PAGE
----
Sunday, 7 March 2010

Three foxes and Pearl Harbour

Hilter was a vegetarian. He banned fox hunting in Germany in1934. Tony Blair on the other hand loved his steak. Under Blairs leadership, the UK Labour Party used up over 700 hours of Parliamentary time trying to ban fox hunting. Eventually the Hunting Act became law in 2005. Ironically, the League for Cruel Sports has reported that since the ban on fox hunting was introduced in the UK the number of foxes killed by dogs has actually increased.

However, in the interest of fairness, I need to mention the work of the Countryside Alliance who campaigned long and hard against the Hunting Ban. It’s possibly forgotten now, but it was one Sarah Bell who provided an engaging if somewhat controversial aspect to their campaign. Although often described as that ‘long legged blonde 25 year old’ she was, at the time of the campaign, a qualified children’s nurse of nearly four years. Famously she was pictured in a poster campaign wearing her full hunting garb with the slogan ‘now they hate her’ alongside her wearing her nursing uniform with the slogan ‘now they don’t’

That was then and here we are some five years later. Without disclosing where I stood (or rode) on the Hunting ban issue, I was somewhat surprised to read that it was chickens and not dogs that had killed a fox this week.

It is alleged (Mail, Telegraph and Radio 4 amongst others) that three hens and a cockerel named Dude (which gives you a clue to the story’s authenticity) pecked a fox to death. Hmm… The Essex family (another clue perhaps) claimed to have previously lost chickens to foxes, and that they were aware of the danger foxes pose, which is presumably why they had built such an insecure hen house.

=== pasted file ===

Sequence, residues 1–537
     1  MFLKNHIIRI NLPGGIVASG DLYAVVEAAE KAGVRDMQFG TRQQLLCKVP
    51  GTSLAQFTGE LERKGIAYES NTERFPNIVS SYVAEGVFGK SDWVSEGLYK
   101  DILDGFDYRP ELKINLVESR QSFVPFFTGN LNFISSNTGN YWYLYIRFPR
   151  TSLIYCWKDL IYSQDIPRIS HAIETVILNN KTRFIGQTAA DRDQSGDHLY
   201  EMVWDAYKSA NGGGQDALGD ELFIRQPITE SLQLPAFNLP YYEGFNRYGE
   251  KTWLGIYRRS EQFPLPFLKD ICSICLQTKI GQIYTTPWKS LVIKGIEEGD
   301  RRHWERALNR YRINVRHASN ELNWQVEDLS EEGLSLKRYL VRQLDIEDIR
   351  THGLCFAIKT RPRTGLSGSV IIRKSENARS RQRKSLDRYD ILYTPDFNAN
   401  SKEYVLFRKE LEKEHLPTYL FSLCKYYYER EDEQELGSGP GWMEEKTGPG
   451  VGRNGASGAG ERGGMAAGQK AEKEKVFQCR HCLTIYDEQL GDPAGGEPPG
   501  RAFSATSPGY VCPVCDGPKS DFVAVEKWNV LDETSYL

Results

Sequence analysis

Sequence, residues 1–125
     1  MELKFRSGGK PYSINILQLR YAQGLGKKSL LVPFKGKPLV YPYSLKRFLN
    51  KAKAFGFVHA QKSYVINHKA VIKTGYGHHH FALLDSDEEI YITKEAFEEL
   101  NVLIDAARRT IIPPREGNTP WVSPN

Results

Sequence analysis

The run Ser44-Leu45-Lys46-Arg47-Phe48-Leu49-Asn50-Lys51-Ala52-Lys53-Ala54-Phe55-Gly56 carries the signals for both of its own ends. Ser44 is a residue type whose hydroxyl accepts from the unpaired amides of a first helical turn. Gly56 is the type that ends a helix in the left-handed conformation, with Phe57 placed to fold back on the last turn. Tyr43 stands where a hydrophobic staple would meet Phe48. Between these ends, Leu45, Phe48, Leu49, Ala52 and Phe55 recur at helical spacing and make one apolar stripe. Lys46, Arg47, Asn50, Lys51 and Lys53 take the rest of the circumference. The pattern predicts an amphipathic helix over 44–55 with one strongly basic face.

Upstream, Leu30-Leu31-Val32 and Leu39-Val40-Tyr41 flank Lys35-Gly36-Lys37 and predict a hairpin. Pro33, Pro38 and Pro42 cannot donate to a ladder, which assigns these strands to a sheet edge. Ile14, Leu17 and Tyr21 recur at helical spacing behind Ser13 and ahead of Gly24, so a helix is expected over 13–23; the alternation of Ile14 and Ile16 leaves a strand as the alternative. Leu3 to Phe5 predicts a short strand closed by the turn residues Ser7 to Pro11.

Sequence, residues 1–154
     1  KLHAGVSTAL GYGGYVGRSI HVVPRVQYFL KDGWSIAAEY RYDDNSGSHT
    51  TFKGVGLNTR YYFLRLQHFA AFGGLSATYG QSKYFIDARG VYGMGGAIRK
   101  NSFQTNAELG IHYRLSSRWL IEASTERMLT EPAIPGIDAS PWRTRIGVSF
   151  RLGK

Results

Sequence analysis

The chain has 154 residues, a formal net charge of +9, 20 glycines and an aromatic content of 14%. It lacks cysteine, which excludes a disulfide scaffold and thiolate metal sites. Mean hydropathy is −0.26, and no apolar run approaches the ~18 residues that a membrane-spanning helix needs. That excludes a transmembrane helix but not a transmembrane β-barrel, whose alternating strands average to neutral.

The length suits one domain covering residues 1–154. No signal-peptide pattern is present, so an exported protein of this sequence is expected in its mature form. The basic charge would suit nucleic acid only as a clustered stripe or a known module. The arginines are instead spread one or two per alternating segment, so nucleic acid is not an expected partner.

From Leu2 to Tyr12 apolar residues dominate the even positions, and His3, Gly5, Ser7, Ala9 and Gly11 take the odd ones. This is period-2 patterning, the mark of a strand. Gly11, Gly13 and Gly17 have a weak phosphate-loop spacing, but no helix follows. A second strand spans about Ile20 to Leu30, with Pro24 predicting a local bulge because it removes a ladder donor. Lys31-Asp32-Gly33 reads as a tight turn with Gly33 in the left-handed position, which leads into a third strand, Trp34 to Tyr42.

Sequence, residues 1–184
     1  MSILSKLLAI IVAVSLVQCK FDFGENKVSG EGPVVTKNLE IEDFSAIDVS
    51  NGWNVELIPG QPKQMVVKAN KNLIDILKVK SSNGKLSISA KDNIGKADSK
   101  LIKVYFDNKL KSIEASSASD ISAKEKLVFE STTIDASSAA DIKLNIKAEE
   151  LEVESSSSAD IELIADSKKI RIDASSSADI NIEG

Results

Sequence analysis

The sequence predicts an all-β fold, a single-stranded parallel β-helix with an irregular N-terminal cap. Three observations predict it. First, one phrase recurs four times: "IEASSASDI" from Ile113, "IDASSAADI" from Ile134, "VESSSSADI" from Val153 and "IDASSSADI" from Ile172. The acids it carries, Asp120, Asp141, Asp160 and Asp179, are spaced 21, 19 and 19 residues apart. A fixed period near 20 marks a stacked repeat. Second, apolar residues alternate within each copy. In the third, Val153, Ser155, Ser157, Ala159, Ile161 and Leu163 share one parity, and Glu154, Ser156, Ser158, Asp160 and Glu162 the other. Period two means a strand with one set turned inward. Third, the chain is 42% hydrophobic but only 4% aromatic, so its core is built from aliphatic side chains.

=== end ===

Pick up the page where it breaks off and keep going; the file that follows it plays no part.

Having kept chickens for the last 35 years I doubt very much that these chickens pecked the fox to death! It was reported that a little table in the corner of the coop, which the chickens perch on, had been kicked over and was lying next to the fox's head. I would imagine this is what had killed the fox. Apart from fogs, mice and so on, chickens are not equipped to kill, whether by pecking someone or something to death or in any other way.

However, most Foxes are the complete opposite. Killing is what they do.

Hold that thought. I was at the Oval this week as an assessor for the first Mental Health Leadership Challenge. I had joined a panel of leading experts, practitioners and NHS Foundation Trust Chief Executives to participate in the event run by the Health Services Journal and the Nursing Times and sponsored by Mental Health Strategies, Care Principles and Nottinghamshire Health Care NHS Trust.

Teams of mental health practitioners and managers from all across England were joined by service user and carers in addressing a number of organizational and professional challenges arising out of a simulation exercise based around what the NHS in England as it is likely to look during the next few years. The event was competitive and developmental. The teams had to work through a number of issues that became more complex and demanding as the day progressed.

My role was to judge the progress of each team. Each team had to demonstrate team working, leadership, multi-agency involvement innovation and improvement. The event ended with a number of awards being made against these criteria. The event was in part, an opportunity for mental health services to review and explore how they address the issues set out in the New Horizons Mental Health Strategy.

This revised mental health policy for England seeks to reduce demand on secondary health services as well as achieve better health outcomes, including higher employment rates and lower suicide rates.

Amazingly all though the day we watched a fox follow the sun around the pitch. He seemed completely oblivious to the ground staff working on the pitch and just very languidly stayed and sunbathed for most of the day. Apparently he and his family have been living there since the summer of 2009.

Interestingly, is was a certain Annie Fox, who as the Chief Nurse in the US Army Nurse Corps, was awarded the Purple Heart for her work during the Japanese attack on Pearl harbour. During the attack, Lieutenant Fox administered anaesthesia to patients during the heaviest part of the bombardment, assisted in dressing the wounded, taught civilian volunteer nurses to make dressings, and worked ceaselessly with coolness and efficiency. It was said that as a Nurse she was able to demonstrate calmness, courage and leadership in a situation of great danger and personal threat.

It is unlikely that the Essex Dude will ever be able to make the same claim.